Holland and Nick Brown of Long Beach, California have been upgrading their home to Net Zero standards and blogging about their experience for AOL. At the start of their project, their house had no insulation, and old-fashioned, single pane windows.
Adding insulation and installing new windows that are more energy efficient are the two most important ways to reduce unwanted heat gain or loss in any structure. Of the two, the Browns found that insulating their walls to bring them up to R-13 standards cut their energy loss by 33%. Putting in new low-e thermopane windows reduced energy loss by another 14%. So just those two upgrades cut their utility bills almost in half for as long as they own their home.
Adding insulation can be a chore. To do it right, you really need to remove the interior walls, install the insulation, and then, obviously, put up new walls. That can be a daunting task for even the most enthusiastic and “handy” homeowners.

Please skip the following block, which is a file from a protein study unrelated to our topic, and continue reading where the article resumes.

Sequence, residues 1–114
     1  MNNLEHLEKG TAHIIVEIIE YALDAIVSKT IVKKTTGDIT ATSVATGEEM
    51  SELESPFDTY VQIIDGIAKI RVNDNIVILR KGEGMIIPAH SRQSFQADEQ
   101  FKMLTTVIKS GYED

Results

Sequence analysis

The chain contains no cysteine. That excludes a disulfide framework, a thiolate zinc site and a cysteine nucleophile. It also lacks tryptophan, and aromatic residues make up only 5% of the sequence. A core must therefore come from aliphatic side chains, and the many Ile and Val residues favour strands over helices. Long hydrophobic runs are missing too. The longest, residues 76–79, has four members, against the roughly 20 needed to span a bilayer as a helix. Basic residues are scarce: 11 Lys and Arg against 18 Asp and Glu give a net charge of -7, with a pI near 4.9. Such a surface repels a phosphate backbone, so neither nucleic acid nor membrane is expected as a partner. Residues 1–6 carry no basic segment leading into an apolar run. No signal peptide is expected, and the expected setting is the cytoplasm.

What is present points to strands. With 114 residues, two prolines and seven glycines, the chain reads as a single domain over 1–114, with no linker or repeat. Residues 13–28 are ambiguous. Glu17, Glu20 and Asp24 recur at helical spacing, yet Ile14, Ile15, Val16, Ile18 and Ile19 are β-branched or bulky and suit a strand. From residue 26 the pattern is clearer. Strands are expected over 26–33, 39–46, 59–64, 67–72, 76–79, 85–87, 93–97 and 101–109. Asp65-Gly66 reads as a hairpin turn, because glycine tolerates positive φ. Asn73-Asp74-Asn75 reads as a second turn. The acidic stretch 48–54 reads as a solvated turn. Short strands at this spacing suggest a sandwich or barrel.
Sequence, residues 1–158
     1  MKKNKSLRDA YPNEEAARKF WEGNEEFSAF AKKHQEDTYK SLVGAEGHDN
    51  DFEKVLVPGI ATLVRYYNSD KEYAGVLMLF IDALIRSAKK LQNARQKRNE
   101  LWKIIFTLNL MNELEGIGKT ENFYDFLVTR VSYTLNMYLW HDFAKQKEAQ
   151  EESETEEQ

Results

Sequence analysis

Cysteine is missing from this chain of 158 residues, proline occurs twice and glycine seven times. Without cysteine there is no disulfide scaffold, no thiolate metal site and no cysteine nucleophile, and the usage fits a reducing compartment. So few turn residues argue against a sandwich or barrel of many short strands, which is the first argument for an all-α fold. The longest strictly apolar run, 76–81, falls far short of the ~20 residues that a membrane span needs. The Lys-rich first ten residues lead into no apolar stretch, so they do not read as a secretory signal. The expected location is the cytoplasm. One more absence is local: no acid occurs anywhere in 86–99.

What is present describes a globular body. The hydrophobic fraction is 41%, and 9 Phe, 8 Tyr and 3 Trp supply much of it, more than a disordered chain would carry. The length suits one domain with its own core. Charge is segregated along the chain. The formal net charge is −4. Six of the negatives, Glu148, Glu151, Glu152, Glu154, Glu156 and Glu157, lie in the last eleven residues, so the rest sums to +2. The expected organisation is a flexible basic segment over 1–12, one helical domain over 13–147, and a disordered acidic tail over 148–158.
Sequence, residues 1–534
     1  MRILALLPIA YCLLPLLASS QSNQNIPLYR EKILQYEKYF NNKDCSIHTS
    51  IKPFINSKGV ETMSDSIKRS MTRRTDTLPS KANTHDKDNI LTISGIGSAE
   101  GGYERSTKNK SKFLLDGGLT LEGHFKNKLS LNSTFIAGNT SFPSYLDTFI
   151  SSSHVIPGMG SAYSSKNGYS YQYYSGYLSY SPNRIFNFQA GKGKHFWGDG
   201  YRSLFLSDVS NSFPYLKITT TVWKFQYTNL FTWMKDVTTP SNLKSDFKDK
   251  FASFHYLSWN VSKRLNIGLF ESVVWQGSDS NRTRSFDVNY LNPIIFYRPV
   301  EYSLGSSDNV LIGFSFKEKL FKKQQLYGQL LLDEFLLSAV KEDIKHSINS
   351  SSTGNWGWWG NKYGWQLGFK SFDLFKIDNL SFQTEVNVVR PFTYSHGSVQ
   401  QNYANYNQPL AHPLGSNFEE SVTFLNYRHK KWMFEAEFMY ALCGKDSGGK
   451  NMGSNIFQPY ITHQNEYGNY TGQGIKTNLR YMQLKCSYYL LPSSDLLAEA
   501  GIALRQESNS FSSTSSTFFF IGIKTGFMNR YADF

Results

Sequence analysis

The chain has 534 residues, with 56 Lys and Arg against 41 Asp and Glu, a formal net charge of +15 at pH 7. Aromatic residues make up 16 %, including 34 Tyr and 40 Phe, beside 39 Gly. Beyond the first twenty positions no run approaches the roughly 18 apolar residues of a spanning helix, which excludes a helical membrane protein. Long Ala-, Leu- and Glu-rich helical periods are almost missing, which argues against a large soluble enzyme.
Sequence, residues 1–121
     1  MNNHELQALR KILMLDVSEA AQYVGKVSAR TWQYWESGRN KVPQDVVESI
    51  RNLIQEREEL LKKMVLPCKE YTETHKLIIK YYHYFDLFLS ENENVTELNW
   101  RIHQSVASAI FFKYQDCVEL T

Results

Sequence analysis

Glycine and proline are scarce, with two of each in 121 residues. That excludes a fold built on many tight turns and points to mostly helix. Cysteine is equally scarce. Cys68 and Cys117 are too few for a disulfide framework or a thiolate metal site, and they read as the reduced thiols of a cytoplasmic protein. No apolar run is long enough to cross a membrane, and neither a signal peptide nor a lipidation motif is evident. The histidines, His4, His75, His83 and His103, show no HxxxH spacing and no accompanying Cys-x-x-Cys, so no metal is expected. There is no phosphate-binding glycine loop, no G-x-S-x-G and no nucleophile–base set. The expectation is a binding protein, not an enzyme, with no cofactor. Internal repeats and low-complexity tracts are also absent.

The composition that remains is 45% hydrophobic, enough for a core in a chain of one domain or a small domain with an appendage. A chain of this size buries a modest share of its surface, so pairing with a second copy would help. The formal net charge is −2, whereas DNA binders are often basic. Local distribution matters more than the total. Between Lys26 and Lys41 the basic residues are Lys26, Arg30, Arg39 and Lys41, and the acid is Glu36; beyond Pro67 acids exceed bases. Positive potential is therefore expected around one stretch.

A more simple alternative to new drywall is to drill holes in existing walls either inside or outside and blow in cellulose insulation. Either way, there is no other improvement you can make that will save you more money or reduce your family’s carbon footprint more. In attics, insulating power up to R-49 can be achieved. Since most of the energy a building loses or gains comes through the roof, adding extra insulation in the attic is a relatively easy and inexpensive efficiency upgrade.
New windows are easier to install than insulation, but the initial cost is higher and the energy bill savings aren’t always as dramatic as they can be with insulation. Still, new windows look great, can make a huge difference in air circulation within a home, and add value to a property that any potential buyer can see right away.
For their home, the Browns considered using triple glazed glass in their new windows, but decided the extra energy savings were not worth the cost in their relatively mild climate. For others who live where the winters are long and cold, though, the extra insulating power of new windows with three panes of glass in each sash would probably be worth the extra cost.
There are lots of other ways to improve the energy efficiency of your home – caulk windows and doors to reduce drafts, install LED lighting and upgrade to Energy Star appliances. But you should upgrade your insulation and windows first. That’s where the biggest improvements in energy efficiency – and the largest reduction in utility bills – can be achieved.